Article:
An emerging theory of law called Earth Jurisprudence – also known as ‘Earth Laws’ or ‘Wild Law’ – recognises human interconnectedness and dependence with nature as a prerequisite for ecological sustainability and as the appropriate foundation of our legal system.
The current legal system is human-centred and has been shaped to promote infinite economic growth and industrial development. This orientation effectively treats the environment as a resource that belongs to human beings and can be exploited for human benefit. Environmental law and other regulatory measures play an important role in curbing the excesses of this system. However, the current rate of environmental destruction demands a new approach to environmental protection.
To this end, Earth Jurisprudence seeks to catalyse a shift in law from human-centeredness to a recognition of our interconnectedness with nature. It contends quite plainly that either the human community and the natural world will go into the future as a single community, or we will both perish.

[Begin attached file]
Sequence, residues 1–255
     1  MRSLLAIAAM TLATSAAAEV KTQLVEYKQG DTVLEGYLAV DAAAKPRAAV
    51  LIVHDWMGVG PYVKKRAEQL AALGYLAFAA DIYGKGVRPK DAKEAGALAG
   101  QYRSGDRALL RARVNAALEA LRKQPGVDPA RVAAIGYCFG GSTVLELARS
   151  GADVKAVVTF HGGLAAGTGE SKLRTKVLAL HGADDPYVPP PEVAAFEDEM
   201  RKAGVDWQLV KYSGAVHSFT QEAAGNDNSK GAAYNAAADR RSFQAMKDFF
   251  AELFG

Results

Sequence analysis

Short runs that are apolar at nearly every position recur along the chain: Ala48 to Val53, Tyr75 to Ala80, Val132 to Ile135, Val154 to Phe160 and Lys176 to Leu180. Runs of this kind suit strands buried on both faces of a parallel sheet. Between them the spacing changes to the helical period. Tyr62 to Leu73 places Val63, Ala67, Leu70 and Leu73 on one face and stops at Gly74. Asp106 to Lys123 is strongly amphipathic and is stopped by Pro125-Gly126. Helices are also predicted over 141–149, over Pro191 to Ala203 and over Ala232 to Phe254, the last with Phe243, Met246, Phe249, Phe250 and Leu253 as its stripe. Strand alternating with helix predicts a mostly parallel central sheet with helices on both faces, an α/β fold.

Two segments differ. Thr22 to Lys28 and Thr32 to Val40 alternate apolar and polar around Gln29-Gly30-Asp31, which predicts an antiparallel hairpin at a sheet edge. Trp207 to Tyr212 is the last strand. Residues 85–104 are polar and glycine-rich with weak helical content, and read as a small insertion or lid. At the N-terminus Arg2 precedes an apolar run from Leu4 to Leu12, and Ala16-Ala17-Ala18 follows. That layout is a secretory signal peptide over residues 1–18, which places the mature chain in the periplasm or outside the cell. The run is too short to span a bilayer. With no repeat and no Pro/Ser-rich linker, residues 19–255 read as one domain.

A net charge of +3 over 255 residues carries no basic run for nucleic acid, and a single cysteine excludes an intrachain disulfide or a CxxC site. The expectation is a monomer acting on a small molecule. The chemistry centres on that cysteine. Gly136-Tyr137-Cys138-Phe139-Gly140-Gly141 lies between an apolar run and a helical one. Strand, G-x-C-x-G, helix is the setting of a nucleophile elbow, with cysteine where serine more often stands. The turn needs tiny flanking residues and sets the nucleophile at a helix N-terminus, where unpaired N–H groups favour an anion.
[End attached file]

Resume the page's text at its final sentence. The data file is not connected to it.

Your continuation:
Earth Jurisprudence promotes a number of key principles including:
- the intrinsic right of nature to exist and flourish;
- the need to create governance structures that enable human societies to fit within our ecological limits; and,
- the benefits of engaging with culturally diverse governance structures, including First Nations Peoples’ knowledge systems.
Earth Jurisprudence engages with a broad subject matter that includes (but is not limited to) legal theory, environmental law, economics, First Nations Peoples’ epistemologies, cosmology, science, religion and environmental philosophy. Innovative and creative work needs to occur in each of these areas if we are to build a truly sustainable and mutually enhancing future society.